Welcome back to our weekly behind-the-scenes glimpse at what’s getting our team talking. Let us know what you think at [email protected].

Game on

Big sporting events are fun, but they can be carbon-intensive. That’s especially true of events that people flock to from far and wide. According to a Clean Energy Wire story that Contributing Editor Peter Yeung shared this week, when Germany hosts the UEFA (Union of European Football Associations) Euro 2024 championship in June, transportation is expected to account for roughly 80 percent of the tournament’s carbon footprint. That’s why Germany is going out of its way to make the championship as sustainable as possible by subsidizing rail passes, minimizing floodlighting and more.

Peter Yeung

Peter says:

Veggie bratwurst, train travel and reused confetti: low-carbon plans for the upcoming European football championship. Reminds me of Michaela’s past story on the UK’s Forest Green Rovers team.

A perennial problem

Palm oil is used in a vast array of products, from lipstick to toothpaste, soap to instant noodles. And according to a new analysis, it contributes more to tropical deforestation than anything else that Americans consume. But progress is being made — as a New York Times climate newsletter that Contributing Editor Michaela Haas shared this week explains — both in countries in the tropics that produce palm oil and in nations that import it.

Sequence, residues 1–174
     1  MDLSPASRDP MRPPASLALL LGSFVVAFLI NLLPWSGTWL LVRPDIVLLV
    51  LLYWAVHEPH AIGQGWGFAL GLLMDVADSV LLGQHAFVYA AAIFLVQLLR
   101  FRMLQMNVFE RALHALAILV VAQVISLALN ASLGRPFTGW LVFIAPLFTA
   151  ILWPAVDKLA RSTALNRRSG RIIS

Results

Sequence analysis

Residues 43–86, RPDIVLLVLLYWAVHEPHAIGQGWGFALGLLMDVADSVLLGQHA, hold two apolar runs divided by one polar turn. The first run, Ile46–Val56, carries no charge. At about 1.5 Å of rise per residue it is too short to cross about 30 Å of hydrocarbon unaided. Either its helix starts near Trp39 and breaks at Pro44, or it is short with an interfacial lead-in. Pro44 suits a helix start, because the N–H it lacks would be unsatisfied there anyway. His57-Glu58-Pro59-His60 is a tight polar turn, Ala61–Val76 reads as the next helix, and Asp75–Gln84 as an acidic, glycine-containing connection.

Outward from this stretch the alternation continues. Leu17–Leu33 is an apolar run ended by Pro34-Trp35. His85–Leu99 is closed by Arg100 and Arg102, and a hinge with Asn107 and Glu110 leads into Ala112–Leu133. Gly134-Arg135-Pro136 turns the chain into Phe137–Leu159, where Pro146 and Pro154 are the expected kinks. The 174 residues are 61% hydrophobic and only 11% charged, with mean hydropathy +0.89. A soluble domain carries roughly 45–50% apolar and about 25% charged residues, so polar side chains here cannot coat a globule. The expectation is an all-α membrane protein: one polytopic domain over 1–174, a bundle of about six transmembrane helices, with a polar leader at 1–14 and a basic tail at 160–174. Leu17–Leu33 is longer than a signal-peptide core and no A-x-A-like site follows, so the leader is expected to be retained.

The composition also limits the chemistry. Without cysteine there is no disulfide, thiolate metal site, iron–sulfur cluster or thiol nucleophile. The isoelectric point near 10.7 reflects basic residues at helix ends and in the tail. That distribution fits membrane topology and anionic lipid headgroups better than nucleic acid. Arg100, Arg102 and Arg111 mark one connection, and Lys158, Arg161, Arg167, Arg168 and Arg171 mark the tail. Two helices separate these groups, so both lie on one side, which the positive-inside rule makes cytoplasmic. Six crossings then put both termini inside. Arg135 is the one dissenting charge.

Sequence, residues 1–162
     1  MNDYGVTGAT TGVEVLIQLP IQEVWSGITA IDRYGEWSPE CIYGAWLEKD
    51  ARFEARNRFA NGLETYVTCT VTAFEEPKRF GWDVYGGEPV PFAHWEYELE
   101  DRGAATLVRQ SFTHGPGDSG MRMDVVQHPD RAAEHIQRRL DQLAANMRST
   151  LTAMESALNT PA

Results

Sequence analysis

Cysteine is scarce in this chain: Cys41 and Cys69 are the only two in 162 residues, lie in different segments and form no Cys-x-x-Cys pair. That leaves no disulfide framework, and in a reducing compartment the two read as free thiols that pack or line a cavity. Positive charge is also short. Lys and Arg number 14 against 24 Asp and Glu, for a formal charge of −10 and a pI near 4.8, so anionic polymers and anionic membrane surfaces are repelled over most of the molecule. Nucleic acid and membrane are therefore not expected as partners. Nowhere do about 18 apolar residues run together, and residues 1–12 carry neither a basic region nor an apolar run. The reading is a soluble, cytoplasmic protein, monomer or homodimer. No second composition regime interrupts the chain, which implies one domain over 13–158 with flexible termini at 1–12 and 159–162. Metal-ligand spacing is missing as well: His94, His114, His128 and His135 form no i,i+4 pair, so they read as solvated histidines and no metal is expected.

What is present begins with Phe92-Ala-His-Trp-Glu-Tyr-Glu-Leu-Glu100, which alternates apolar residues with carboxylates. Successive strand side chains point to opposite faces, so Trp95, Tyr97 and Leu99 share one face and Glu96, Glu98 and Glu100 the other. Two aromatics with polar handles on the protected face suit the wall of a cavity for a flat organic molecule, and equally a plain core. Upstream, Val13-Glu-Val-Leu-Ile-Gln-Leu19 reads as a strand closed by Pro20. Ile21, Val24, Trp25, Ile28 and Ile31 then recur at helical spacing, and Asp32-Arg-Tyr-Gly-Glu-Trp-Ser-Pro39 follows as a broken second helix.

An aerial view of a palm oil plantation in Indonesia.
An aerial view of an oil palm plantation in Indonesia. Credit: Center for International Forestry Research / Flickr

Michaela says:

This story about palm oil isn’t exactly a solutions story but it does point out several solutions that are in the works. Ever since I wrote about that small Bavarian baker who found a better alternative to palm oil — making yeast oil out of discarded bread — I’ve followed the news about the topic because we all have palm oil products in our cupboards.

What else we’re reading

🥪 Free lunches, brain breaks and happy teachers: why Estonia has the best schools in Europe — shared by RTBC Founder David Byrne from The Guardian

🦫 Yes, beavers can help stop wildfires. And more places in California are embracing them — shared by Editorial Director Rebecca Worby from the Los Angeles Times

🖱️ Reddit’s I.P.O. Is a Content Moderation Success Story — shared by David Byrne from the New York Times

From our readers...

Reader Camilla Hughes from Tasmania, Australia sent over an ABC News story about an unlikely partnership — between dairy farmers and seaweed farmers. The idea? Cows eat a seaweed supplement. They burp less, emitting less carbon. The result? A more climate-friendly milk, nothing fishy about it.